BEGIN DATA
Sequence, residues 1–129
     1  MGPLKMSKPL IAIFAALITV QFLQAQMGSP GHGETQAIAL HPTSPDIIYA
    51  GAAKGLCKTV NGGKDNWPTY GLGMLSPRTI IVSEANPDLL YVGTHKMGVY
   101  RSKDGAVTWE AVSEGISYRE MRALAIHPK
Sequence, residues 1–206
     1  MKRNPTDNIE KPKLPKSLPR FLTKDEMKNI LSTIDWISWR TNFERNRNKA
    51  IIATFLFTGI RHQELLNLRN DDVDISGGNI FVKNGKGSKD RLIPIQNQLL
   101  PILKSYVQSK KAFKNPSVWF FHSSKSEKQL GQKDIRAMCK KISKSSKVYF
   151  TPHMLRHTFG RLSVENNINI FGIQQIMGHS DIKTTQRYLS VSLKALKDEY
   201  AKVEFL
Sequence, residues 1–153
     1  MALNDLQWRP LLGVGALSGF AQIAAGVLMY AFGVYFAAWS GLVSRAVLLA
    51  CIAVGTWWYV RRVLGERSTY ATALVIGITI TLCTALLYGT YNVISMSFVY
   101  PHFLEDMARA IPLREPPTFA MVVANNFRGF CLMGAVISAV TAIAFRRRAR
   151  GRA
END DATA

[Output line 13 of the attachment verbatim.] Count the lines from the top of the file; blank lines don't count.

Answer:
    51  CIAVGTWWYV RRVLGERSTY ATALVIGITI TLCTALLYGT YNVISMSFVY